Review of “Across the River”

Many books about a sports team turn out to be about much more than the sport or the team. This excellent book on the coach of a high school football team is one of those books. Here is my of “Across the River” by Kent Babb.

REVIEW:  In the New Orleans neighborhood of Algiers, gun violence is a way of life. That is part of the a-too-familiar lifestyle of the mostly Black residents but for those young men who are football players on the Edna Karr Charter School football team, there is a welcome distraction. That is not just because of the football, but also because of their coach, Brice Brown and his staff. He spends as much time mentoring his players, talking to nearly every one of them daily to ensure they are safe – this takes more time than he spends on his football plays and strategy. Coach Brown’s story and that of his assistants and players is told in this terrific book by Kent Babb.

Babb first covers coach Brown for the Washington Post in 2018 and this book is a more complete story of the complex coach. Babb weaves stories about coach Brown, stories about his players and his own inner turmoil about whether to move on to become a college football coach. The stories can be uplifting, like those who graduate and earn football scholarships to college; heartbreaking, such as the story of one player’s trauma when his mother is sent to prison when he is being raised by her alone; or downright maddening, usually when accompanied by descriptions of the desperate situations of these players. It was compelling reading and often times, these were much better reads than the passages about the football team.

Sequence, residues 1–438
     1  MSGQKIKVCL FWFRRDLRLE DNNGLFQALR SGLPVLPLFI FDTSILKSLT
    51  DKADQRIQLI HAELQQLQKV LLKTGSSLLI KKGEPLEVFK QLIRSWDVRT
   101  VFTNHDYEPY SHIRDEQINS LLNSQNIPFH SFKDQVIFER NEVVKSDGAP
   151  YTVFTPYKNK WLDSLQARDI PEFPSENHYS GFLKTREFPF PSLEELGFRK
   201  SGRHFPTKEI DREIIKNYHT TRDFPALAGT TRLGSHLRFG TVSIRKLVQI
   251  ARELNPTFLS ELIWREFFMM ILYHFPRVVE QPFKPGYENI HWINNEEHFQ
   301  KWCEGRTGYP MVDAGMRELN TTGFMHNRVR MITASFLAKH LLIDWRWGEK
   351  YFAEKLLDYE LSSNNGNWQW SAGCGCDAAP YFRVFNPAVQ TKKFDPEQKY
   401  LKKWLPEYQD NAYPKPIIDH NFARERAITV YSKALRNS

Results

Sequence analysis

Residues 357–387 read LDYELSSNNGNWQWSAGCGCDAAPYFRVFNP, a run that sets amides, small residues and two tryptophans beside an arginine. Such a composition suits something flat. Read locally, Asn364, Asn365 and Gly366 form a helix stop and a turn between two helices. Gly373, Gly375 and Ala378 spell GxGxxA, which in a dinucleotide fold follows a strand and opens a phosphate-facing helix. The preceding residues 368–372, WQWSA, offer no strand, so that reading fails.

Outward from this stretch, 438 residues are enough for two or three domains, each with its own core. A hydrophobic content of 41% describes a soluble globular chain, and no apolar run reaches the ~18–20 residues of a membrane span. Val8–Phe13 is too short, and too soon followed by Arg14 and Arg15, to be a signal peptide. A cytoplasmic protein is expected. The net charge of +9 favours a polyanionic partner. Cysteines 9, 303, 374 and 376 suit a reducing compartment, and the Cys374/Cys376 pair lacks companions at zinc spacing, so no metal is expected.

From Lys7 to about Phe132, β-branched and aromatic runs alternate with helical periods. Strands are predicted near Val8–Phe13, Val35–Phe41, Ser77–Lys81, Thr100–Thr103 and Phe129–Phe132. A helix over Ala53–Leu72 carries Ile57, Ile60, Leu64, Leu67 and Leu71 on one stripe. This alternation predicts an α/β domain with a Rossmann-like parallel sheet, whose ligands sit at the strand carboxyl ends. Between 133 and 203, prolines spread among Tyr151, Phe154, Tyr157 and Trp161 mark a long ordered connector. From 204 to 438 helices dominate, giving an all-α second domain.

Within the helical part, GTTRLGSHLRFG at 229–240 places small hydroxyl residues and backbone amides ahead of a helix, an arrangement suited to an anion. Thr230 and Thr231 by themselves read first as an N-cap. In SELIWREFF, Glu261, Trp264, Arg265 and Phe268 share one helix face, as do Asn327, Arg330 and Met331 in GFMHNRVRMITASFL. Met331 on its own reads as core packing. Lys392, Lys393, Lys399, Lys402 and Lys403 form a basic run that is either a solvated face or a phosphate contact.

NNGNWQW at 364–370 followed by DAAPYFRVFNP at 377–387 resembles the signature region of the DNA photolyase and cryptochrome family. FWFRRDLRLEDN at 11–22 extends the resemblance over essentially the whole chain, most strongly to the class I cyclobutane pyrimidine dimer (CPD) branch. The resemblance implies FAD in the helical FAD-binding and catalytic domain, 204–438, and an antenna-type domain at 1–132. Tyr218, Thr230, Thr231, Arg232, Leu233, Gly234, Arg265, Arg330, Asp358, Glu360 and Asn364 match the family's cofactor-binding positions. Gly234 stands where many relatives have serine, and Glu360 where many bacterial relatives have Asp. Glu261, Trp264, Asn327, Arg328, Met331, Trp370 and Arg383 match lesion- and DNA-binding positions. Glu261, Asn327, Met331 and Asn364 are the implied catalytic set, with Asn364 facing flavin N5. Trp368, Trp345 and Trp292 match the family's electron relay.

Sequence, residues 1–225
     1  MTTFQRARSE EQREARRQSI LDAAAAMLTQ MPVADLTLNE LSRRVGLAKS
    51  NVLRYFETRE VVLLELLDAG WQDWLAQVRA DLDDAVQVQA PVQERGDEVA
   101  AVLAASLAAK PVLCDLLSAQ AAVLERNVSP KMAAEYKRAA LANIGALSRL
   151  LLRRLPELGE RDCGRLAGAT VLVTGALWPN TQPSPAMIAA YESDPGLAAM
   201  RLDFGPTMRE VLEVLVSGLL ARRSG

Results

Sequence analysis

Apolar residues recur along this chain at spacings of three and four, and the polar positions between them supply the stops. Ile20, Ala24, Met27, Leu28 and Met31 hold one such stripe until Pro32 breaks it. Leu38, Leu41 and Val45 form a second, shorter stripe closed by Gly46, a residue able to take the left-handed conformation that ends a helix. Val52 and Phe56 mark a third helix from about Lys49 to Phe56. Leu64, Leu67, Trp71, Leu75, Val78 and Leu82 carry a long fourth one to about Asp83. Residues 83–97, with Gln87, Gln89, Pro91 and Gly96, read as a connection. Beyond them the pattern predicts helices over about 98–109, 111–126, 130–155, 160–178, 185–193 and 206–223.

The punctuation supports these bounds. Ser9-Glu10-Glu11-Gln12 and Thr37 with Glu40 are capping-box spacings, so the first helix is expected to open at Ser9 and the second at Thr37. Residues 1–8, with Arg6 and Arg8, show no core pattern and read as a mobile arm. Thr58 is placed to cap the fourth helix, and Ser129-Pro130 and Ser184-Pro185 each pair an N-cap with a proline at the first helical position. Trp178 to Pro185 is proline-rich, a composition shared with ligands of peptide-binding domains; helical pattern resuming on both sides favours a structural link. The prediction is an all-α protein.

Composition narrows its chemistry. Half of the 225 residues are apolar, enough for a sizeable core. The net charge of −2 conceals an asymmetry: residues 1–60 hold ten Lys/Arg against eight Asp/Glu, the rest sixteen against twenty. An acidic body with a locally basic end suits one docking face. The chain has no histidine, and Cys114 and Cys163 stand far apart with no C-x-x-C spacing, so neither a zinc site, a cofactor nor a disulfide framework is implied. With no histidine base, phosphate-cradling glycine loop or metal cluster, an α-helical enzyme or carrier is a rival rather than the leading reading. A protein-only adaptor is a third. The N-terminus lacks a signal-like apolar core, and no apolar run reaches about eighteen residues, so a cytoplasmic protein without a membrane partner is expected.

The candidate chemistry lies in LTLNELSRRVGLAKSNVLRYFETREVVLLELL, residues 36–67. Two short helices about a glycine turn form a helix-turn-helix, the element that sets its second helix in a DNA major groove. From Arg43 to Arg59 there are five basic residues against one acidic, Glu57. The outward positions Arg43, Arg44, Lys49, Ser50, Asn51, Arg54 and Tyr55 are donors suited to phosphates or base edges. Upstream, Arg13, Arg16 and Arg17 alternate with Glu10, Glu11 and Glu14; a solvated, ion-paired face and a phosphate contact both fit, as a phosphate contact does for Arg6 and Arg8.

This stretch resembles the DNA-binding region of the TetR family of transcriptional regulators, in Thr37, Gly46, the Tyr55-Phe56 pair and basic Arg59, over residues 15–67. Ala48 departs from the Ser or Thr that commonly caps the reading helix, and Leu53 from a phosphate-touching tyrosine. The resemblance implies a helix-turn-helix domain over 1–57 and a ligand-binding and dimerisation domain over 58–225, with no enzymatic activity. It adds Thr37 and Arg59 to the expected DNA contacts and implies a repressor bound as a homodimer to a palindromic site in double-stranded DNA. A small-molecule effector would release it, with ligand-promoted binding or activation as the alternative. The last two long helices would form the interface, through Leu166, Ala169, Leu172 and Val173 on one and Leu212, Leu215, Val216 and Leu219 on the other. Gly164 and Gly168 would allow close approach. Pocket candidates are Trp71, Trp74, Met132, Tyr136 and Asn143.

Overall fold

Don’t skip over those, however, as they are just as good. While not greatly detailed or heavy on the “X’s and O’s” these games nonetheless do highlight not only the success of the Karr program and their many years of playoff football, but also provided the reader a glimpse of the mindset of the coach and his sometime unorthodox means of not only playing the game, but also motivating his players. 

Along with discussions on racial inequality so prevalent in New Orleans and other areas, this book is a fascinating look at a high school coach and his challenges to be the best he can be for his players on and off the field. A reader doesn’t have to enjoy football to be rewarded by reading this book.


Leave a Reply

Your email address will not be published. Required fields are marked *